Reliability ensures the system can continue operating, even when one or more components fail. To achieve this, the remaining components need to be capable of supporting your service on their own. If you’re operating a global service, it’s important to understand how many regional failures you could tolerate. For example, at a regional level, how many instance failures per second could you handle?
When people rely on your application, availability is exceptionally important. If you’re engaging a third-party supplier, look for 99.999% uptime guarantee as a bare minimum threshold of acceptability. A high-availability design ensures that required components are quickly and automatically redeployed in the event of a failure. Capacity is critical when it comes to ensuring availability. If one region goes offline and you fail over to another, there needs to be sufficient capacity there to absorb the additional traffic, even under peak loads.
To ensure your network can cater to this type of circumstance, you’ll need to monitor metrics such as:
- Your global percentage of operating load
- The elasticity and distribution of that load
- The maximum number of channels and connections
Having ways to automatically and dynamically provision additional capacity when certain thresholds are exceeded is critical if you’re to ensure exceptionally high levels of uptime.
If you’re using a third party provider, make sure they’re honest in their status reporting. Verify their uptime SLA in detail: can they deliver on their promises even as traffic volumes in your application grow?
Covid-19 has accelerated EdTech’s growth trajectory. There are tremendous opportunities to deliver superior digital learning experiences to students the world over. One key challenge, however, is that EdTech providers need robust realtime foundations to deliver experiences that students and teachers will find appealing and indispensable.
Realtime communication will affect key engineering, systems architecture, product, and business decisions. There’s a lot to consider and a lot to get right, whether it comes to building the realtime capability itself or the infrastructure needed to support it. We’ve outlined the key things any EdTech vendor needs to address, whether building their own realtime capability or selecting a specialist provider to work with.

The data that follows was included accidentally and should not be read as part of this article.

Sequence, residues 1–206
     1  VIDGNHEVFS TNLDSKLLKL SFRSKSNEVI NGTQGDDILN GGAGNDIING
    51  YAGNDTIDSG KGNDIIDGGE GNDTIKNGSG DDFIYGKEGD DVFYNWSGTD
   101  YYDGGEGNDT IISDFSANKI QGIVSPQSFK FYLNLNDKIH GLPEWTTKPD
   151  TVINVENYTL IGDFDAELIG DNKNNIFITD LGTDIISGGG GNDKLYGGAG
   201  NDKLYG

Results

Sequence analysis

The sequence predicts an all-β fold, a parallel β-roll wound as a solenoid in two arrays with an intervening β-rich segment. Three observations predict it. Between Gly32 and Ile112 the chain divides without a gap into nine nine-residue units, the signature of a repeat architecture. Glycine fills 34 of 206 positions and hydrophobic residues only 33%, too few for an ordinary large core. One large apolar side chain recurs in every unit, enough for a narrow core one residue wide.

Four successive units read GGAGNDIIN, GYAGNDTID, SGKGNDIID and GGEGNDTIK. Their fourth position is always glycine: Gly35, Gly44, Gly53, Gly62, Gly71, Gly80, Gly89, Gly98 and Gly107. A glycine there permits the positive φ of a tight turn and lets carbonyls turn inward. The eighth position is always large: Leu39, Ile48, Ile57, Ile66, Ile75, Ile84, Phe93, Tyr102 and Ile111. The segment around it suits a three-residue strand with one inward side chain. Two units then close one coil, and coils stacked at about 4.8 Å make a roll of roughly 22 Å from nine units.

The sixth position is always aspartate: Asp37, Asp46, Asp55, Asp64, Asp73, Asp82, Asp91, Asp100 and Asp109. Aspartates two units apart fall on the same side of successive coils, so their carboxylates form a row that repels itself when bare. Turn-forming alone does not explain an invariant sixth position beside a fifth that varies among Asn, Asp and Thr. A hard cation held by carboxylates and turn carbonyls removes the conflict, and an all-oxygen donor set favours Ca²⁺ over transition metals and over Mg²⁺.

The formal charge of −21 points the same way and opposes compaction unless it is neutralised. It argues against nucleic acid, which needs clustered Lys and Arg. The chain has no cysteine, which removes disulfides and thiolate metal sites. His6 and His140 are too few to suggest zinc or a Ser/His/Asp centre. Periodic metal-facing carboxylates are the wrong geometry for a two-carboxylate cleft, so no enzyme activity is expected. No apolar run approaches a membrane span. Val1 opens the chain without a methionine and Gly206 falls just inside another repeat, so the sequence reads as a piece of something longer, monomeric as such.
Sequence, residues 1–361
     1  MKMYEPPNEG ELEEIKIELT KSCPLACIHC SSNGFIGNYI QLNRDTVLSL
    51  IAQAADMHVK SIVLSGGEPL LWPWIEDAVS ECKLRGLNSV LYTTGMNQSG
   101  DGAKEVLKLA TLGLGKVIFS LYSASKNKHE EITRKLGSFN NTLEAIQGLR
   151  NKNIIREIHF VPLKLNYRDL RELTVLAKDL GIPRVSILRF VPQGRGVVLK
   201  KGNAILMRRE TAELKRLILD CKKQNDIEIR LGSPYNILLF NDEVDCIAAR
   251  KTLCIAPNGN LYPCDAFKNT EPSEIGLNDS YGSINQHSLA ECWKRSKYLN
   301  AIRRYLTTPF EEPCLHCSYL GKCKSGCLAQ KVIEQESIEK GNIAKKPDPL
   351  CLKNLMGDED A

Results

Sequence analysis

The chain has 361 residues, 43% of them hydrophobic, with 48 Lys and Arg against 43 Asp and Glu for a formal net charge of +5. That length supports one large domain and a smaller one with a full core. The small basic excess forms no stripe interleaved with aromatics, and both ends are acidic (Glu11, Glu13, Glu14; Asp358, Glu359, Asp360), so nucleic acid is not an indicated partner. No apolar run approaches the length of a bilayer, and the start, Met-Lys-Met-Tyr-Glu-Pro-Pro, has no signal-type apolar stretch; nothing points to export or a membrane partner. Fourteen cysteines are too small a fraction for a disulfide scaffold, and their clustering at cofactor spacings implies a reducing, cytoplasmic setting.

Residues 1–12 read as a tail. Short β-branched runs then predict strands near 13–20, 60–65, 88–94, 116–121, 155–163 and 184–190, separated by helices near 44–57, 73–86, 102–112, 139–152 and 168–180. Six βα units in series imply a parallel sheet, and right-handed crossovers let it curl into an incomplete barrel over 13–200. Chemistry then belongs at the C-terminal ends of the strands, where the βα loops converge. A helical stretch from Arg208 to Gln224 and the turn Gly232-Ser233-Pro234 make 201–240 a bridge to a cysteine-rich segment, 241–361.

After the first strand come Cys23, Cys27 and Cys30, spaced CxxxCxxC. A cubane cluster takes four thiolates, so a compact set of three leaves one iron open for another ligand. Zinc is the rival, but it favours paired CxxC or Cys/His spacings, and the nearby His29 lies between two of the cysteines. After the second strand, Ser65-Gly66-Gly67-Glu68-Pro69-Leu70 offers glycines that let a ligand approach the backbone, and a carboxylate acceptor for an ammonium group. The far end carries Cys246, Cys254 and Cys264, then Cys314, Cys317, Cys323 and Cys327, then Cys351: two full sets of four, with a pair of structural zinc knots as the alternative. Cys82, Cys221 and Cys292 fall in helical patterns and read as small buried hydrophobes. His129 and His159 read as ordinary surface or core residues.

It’s essential to remember that agility and flexibility are the cornerstones of digital transformation. During the pandemic many institutions leveraged the advantages of cloud computing to support remote learning, collaboration, and digital service delivery. They discovered that cloud computing enabled them to transition to digital-first education quickly, while being more nimble and reactive than ever before.
The same cloud-first philosophy applies to EdTech’s adoption of realtime technology. A proven way to solve this problem is to build on a specialist technology cloud service platform that can meet your realtime needs. By using cloud and cloud-native technologies, EdTech platforms are freed from the burden of supporting aging legacy systems and investing precious time in building more modern solutions. The agility afforded by the cloud helps EdTech platforms rapidly deploy essential new features and services without large infrastructure overhead such they can focus on delivering the best EdTech experiences out there.
In the new education landscape, agility and flexibility make the difference between success and failure, respectively.
Here at Ably, we’ve been solving the hard problems of realtime solution delivery for years. We are an enterprise-ready realtime communication platform, and we have figured out how to efficiently design, quickly ship, and seamlessly scale critical realtime functionality delivered directly to end-users. Our realtime quiz framework for EdTech developers is a great example of that.
If you’d like to discuss your realtime communication needs and how we can help you simplify your engineering, minimize your overheads, and deliver a better user experience please get in touch.
Note: This was the last in our series of blog posts about what needs to be considered when deploying realtime EdTech applications. You can also read about the 4 most impactful realtime use cases in EdTech and the 6 realtime engineering challenges for EdTech applications in our previous blog posts on the topic.